12. carver

    carver Moderator Supporting Member

    Young folks today wouldn't have a clue!
  13. TigerLeo

    TigerLeo Well-Known Member

    Jan 22, 2016
    SouthEast Missouri
    In my neck of the woods I don't have much need for a bug out bag (B.O.B.) more or less a rural area. Ideally if I go into the city I should be able to find food enough to sustain myself long enough to formulate a plan to get home, but over the next few years I will amass some survival gear to get out if necessary. I really gotta get a move on on this though... I do hope to have an AR platform here soon. I figure keeping that in my truck during trips to the city will make a big difference if I have to get out in a hurry.
    firefighter1635 and BlackEagle like this.
  14. firefighter1635

    firefighter1635 Well-Known Member

    Jan 4, 2012
    FEMA Region V
    Carver, you got the idea. "Get home", not "Bug out". Mine is built for while I'm at work specifically, that's why there's no firearm in it. Not allowed to have one while I'm on the clock so that's why there's a K-bar in there.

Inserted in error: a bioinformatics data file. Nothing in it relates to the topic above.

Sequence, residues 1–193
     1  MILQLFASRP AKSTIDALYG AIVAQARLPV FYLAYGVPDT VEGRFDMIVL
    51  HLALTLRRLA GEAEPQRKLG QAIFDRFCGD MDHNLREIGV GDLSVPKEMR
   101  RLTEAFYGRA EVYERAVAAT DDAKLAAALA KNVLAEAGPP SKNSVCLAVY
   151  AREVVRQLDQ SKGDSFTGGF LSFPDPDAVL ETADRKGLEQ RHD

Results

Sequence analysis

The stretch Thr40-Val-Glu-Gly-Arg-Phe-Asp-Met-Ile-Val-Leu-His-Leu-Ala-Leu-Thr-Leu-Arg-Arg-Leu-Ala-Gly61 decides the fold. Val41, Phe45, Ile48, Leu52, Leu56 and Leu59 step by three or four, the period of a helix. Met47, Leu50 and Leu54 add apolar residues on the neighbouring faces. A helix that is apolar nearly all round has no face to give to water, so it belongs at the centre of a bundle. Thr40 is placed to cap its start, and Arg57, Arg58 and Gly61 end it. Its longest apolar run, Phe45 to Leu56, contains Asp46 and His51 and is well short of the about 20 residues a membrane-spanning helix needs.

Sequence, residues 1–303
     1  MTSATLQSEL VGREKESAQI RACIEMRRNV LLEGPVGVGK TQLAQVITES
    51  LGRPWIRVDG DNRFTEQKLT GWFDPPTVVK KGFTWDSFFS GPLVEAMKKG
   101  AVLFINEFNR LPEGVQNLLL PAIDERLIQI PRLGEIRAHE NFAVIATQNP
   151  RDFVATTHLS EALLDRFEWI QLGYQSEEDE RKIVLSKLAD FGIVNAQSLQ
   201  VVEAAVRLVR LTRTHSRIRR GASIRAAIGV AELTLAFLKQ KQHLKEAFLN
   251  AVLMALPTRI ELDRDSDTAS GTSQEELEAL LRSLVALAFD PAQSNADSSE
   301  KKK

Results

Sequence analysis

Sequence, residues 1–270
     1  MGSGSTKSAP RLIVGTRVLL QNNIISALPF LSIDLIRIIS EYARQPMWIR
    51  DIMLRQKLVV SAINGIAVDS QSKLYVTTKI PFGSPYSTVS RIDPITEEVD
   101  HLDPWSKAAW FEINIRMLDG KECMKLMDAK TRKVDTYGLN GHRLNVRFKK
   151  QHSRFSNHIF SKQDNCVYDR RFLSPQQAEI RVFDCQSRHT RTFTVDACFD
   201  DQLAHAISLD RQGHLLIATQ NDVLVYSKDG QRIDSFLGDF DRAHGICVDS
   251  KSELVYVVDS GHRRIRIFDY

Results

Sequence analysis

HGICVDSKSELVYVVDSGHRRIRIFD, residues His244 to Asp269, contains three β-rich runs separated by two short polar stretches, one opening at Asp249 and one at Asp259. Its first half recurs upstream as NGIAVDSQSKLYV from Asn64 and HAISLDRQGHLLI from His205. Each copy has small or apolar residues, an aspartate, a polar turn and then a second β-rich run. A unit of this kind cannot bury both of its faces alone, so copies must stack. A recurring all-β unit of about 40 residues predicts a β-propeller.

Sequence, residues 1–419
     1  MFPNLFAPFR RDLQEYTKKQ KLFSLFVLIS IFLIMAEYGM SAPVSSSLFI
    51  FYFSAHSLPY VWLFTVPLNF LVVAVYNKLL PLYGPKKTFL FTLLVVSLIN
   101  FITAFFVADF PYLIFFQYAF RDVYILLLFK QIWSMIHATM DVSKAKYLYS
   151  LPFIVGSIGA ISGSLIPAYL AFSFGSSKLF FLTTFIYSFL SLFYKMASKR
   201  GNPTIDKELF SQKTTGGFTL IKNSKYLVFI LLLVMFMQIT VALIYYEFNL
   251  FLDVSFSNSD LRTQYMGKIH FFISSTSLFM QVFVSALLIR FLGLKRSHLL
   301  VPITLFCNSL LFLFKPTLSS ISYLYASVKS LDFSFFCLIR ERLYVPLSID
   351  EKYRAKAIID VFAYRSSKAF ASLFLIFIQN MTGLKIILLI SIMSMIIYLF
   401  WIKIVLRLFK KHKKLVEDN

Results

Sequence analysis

Depending on where I'm working if S would HTF, it could take me a couple days humping it home. I'd stay away from interstates if I could help it, mostly humping through farm fields and woods. Depending on the time of year, there could be crops in fields, tall corn would defenatlly slow me down.

    For the most part I wouldn't depend on a stranger during a situation like this, you never know their intentions. I'd work with a stranger on a task(s), but wouldn't "depend" on them. It's up to ME to survive and get home, not someone else.
  15. gdmoody

    gdmoody Moderator Supporting Member

    Sep 7, 2007
    Athens, Georgia
    Yep, I love my little Sub 2000!!